These are great since they already look a bit aged; a few of the bulbs show crackling in the frosted glass finish. I figured 4 to 6 inside the building, then save the extras for replacement bulbs.
There are similar fixtures on the market today, but they have black backings. I liked the older look of these brown backings. You could paint the more modern ones as well.
Exposed conduit would be nice, but I'm thinking channel molding would be the easiest way to go here. I can always add fake conduit. At first I thought about putting them on the wall, but with the offset window it might be an odd layout.
Then I thought about putting straight cross beams overhead and using 4 lights. I think this will work much better, but I'll tape them in place during the next dry fit to see how the lighting looks inside.
I will have a front outside light, too. Not sure of the exact style yet. The best place will be above the door, so I cut an mdf insert to close up the area where the window would have been. I cut down the door frame to fit below the main front cross beam. I also cut the window openings. I centered them from side to side based on adding the side walls (not shown in place here).
I made the front windows the same height as the side windows.
I cut the openings from the side and left some wiggle room for adjustments. I will add shims once they are installed.
Just a quick update on the 1:12 scale Datsun 240ZG by Tamiya.
Once the front brakes are assembled, the parts are supposed to spin. Success so far! :D I'm mixing the different colors of metallic silver on the fly to achieve various types of metal. I think this adds realism even if these aren't the truest colors for the parts. Obviously, these have not been dirtied up yet.
Another liberty I'm taking with the kit is making it a left hand driver. Sometimes car model kits come with both dashboards so you can choose, but this one does not. I spent just about as much as the kit to get the replacement parts, but I think it's worth it. The conversion kit comes with three pieces. Based on the previous model I built and the 1:18 scale diecast, which are both left hand drivers, other parts would switch places in a true conversion. Again, I'm going for aesthetics here, not complete accuracy. This kit gives you the aesthetic, and I suppose a more ardent modeler could fashion the rest.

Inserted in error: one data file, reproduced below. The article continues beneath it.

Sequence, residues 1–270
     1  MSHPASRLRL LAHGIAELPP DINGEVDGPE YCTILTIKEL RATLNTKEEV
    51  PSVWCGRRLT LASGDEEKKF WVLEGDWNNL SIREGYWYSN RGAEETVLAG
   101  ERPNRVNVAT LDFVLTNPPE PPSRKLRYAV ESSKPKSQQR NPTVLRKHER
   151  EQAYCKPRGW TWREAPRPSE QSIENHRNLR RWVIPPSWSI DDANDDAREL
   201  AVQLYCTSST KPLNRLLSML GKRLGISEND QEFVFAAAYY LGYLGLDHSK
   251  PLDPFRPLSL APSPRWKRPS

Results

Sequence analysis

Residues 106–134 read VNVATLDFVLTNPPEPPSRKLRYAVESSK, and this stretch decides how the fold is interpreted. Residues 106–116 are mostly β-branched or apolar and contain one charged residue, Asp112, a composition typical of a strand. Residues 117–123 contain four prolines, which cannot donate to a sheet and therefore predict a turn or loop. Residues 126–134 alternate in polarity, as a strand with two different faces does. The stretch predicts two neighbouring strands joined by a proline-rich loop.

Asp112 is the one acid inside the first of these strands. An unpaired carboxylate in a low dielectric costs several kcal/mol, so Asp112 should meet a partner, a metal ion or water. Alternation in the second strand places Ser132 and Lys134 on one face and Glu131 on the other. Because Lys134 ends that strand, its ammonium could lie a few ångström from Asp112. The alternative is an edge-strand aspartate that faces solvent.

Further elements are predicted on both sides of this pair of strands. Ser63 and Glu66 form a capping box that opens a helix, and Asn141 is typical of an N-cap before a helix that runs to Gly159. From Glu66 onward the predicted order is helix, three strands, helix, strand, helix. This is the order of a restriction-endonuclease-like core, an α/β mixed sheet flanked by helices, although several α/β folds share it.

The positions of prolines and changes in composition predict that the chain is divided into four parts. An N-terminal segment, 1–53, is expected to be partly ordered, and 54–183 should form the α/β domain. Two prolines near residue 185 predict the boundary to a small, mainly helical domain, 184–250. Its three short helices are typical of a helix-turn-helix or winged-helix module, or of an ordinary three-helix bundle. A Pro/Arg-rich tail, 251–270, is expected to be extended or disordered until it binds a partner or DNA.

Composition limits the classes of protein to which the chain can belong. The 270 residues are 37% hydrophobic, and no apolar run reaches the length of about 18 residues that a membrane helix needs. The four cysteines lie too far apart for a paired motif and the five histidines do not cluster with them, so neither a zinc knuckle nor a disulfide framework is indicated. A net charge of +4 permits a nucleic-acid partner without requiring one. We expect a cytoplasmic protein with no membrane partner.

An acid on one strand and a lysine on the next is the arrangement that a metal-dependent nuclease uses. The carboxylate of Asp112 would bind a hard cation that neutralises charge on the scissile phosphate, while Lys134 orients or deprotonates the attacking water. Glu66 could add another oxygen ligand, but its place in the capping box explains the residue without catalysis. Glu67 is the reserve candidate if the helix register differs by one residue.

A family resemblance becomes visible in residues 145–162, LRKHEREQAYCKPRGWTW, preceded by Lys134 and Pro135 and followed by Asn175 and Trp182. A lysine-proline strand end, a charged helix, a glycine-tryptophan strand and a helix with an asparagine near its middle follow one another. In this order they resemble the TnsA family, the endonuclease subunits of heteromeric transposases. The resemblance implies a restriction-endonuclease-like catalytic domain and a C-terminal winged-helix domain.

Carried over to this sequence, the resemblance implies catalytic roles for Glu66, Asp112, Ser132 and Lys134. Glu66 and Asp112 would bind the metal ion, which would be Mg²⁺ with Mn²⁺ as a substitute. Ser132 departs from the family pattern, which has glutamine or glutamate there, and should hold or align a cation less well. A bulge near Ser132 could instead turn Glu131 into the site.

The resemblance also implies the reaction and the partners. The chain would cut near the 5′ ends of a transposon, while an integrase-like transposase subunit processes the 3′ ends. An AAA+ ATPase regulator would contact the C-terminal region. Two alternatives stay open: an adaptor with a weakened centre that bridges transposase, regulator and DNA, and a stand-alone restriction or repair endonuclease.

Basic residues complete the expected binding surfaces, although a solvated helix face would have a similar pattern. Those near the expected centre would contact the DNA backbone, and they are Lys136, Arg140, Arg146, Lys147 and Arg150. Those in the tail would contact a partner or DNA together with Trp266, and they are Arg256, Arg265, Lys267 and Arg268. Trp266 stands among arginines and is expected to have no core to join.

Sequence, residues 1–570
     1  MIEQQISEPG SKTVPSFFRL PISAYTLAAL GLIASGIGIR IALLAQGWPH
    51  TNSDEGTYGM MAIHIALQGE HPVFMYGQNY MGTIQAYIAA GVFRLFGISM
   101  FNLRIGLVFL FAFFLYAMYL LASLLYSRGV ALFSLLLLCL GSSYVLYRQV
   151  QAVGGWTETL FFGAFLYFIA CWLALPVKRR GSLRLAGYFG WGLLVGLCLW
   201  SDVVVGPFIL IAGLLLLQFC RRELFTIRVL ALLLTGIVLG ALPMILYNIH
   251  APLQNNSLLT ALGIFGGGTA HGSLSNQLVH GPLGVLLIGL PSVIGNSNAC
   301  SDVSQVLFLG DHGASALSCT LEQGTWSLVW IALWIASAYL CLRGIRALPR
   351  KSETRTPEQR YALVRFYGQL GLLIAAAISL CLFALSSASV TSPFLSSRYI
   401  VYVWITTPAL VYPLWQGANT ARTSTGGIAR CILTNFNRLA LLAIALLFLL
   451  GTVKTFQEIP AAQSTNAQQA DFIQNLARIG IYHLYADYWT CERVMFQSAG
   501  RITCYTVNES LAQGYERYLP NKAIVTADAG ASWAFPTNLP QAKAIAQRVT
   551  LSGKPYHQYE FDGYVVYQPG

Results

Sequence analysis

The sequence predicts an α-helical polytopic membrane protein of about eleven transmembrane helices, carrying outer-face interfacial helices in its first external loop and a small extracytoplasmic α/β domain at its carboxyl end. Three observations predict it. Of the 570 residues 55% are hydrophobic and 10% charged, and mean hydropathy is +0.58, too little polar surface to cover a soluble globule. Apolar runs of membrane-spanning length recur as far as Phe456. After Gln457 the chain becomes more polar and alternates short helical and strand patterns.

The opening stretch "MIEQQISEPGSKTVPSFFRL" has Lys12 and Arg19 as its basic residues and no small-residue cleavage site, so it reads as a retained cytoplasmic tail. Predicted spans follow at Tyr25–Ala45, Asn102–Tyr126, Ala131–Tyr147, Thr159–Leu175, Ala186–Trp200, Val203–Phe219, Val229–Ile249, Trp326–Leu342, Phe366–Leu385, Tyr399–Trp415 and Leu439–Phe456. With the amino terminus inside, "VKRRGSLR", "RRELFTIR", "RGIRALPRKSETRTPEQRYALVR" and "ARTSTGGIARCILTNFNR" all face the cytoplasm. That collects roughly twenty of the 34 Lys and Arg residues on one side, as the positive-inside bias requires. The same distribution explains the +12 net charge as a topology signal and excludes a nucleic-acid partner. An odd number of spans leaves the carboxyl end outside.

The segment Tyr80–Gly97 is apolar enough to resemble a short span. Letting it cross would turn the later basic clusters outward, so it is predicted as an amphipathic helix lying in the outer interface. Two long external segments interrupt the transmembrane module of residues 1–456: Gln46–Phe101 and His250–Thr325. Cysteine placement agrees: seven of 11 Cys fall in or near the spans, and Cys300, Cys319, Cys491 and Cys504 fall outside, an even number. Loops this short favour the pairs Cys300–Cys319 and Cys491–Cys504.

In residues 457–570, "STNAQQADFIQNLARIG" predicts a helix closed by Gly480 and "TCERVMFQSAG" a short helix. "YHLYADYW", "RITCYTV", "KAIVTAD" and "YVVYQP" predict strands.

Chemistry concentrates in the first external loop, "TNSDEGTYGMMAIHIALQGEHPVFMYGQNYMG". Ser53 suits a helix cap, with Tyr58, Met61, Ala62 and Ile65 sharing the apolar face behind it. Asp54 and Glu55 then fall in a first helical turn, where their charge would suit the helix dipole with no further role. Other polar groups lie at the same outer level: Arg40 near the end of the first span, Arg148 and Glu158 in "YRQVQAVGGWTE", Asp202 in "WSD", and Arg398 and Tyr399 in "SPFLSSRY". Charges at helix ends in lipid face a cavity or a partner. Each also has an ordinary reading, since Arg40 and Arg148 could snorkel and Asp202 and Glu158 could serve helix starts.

I'm a fan of 3D printing to begin with, and this conversion would not be possible if not for 3D printing. I don't know if I would have chosen this model if the left hand driver weren't an option.
Continuing work on the base and foundation. It was suggested by a Greenleaf member that I prime the foundation wood, so I did that. I then applied a slightly thinner coating of stucco patch and pressed in the aquarium gravel. I set the foundation upside down to make sure the upper edge was flat and uniform.
The sample I had made turned very yellow and I wasn't sure how well the material would stain once dry, so I added a black brown paint wash while the stucco was still wet.
This darkened the grout just enough to start. A few of the stones didn't want to stay. Might have been a combo of the thinner application and the added water from the paint wash. No worries. :] I glued the wayward stones back in place and they held.
Once dry, I applied some more stucco material in areas where it seemed too thin. Looks like the walls have been repaired over the years. :D
To the new grout, I added a brown paint wash to remove the brightness. I can dirty this up more later, as needed.
Looks good for scale. :]
Any gaps or exposed areas of the wood foundation will be addressed in later landscaping.